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High-Speed Rail

Letter to Speaker Rendon: Stop Blocking Bullet Train

HSR-opponent Anthony Rendon. Photo from his assembly district page

The voters approved California's High-speed Rail project in 2008. Recent polls show a majority of Californians want the work to continue. And yet, thanks primarily to Speaker Anthony Rendon and Assemblymember Laura Friedman, $4.2 billion in voter-approved funds to install tracks and overhead electrification and to buy trains to get the first stage of the system running have been in limbo for almost a year. As a result, contracts sit unsigned and costs are mounting.

A coalition of former transportation officials, advocates, lawmakers, labor leaders, and SPUR have written a letter to Rendon and his counterpart in the Senate, President Pro Tempore Toni Atkins, urging them to release the funds.

From the letter, which was also signed by former U.S. Department of Transportation Secretaries Ray LaHood, Anthony Foxx and the late Norman Mineta, who died Tuesday at the age of 90, and California transit advocate Rod Diridon:

As the leading national coalition working to fund electrified high-speed rail projects, the U.S. High Speed Rail Coalition urges the California State Legislature to approve the $4.2 billion voter-approved bond appropriation for the California High-Speed Rail project included in Governor Newsom’s Fiscal Year 2022/2023 Budget.

The ongoing spike in gas prices shows that California voters were wise to vote in favor of Prop 1A in 2008. High-speed rail is how we break free from oil – as well as the enormous burdens it places on consumers, communities and the climate.

Fourteen years later, the majority of California voters continue to support the high-speed rail project. According to a new Los Angeles Times - Berkeley poll, 56 percent of registered voters in California want to continue building the high-speed rail project, including 73 percent of registered Democrats and 54 percent of independents.

The letter goes on to point out that even in Rendon's own district a majority of voters support continued construction. "59 percent of L.A. County voters support continued construction of the project – including 32 percent who strongly favor continued construction – while only 29 percent oppose it."

As Streetsblog has covered for years now, a group of primarily L.A. Democrats in the state legislature are now the main impediment against completing California's bullet train. Amtrak Joe Biden's election and the passage of the $1.2 trillion infrastructure bill means significantly more federal funding is coming. Construction is well under way throughout the Central Valley. The connection into San Francisco is nearly electrified. Designs for the connection from the Central Valley to San Jose are approved. Nearly all the segments for bringing it into Southern California are approved and ready to go.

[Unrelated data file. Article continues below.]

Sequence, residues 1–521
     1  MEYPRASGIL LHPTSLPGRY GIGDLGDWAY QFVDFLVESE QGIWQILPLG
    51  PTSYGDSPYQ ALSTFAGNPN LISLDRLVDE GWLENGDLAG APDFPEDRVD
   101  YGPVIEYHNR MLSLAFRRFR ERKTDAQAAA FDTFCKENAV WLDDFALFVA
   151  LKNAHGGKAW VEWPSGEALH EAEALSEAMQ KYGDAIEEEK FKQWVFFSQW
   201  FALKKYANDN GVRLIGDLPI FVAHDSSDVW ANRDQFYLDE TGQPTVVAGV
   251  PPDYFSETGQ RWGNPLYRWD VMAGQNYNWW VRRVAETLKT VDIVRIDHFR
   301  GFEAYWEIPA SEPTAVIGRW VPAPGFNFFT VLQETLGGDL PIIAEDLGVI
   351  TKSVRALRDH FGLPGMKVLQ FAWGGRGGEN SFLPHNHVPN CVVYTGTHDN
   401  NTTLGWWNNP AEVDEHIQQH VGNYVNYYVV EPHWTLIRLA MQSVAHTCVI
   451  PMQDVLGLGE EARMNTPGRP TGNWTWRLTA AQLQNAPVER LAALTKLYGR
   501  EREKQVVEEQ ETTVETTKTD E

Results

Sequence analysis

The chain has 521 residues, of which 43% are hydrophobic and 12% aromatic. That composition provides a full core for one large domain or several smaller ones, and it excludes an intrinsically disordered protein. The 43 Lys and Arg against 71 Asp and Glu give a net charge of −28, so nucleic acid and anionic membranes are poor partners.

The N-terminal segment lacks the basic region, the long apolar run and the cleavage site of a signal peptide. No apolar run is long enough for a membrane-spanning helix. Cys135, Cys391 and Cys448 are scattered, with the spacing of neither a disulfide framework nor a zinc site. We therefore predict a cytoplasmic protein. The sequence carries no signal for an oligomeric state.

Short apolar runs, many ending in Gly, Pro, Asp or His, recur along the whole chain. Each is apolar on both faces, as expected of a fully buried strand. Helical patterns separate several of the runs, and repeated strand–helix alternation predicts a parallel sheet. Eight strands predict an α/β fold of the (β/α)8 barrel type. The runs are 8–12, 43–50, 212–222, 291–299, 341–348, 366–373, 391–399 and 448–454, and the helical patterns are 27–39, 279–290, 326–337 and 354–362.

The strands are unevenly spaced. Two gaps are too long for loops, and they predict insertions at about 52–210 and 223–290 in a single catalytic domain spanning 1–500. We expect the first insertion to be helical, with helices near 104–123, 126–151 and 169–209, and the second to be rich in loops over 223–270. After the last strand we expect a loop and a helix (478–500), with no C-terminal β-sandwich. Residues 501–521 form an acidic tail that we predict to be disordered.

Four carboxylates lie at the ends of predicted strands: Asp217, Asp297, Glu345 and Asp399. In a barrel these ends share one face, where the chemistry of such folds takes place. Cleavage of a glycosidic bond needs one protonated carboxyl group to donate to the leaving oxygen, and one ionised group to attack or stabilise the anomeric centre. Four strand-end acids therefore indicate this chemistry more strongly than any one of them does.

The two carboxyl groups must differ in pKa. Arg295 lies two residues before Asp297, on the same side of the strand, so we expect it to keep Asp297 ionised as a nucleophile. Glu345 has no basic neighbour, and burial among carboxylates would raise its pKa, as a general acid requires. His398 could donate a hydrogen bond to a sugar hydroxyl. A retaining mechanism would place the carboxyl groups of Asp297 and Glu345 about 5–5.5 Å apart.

But Rendon and Friedman have proposed various excuses for not fully funding the first segment. They've suggested using diesel powered trains instead of electrified, high-speed rail; they've said it would be better to use the high-speed funds for unspecified transit projects in their districts; they've pushed the (false) idea that onerous transfers would be necessary, and that delaying the funds would have no effect on the project. Rendon denies that contributions from the petroleum industry to "moderate" Democrats, including himself, have any influence over policy decisions.

"America's effort to decarbonize transportation depends on the completion of the California High-Speed Rail project," wrote the U.S. High Speed Rail Coalition in a statement about the letter. "Once the Los Angeles-to-San Francisco line is up and running, it will slash emissions by an average of 2 million metric tons annually – equivalent to saving 225 million gallons of gas and taking 432,000 cars off the road every single year. To achieve sustainability, we need high-speed rail. There is no cheaper or better alternative to addressing the state's transportation and oil dependency challenges."

For more about Speaker Anthony Rendon, be sure to read "Since California speaker rose to power, corporate donations flowed to nonprofits tied to his wife," a great piece from the Center for Investigative Reporting.

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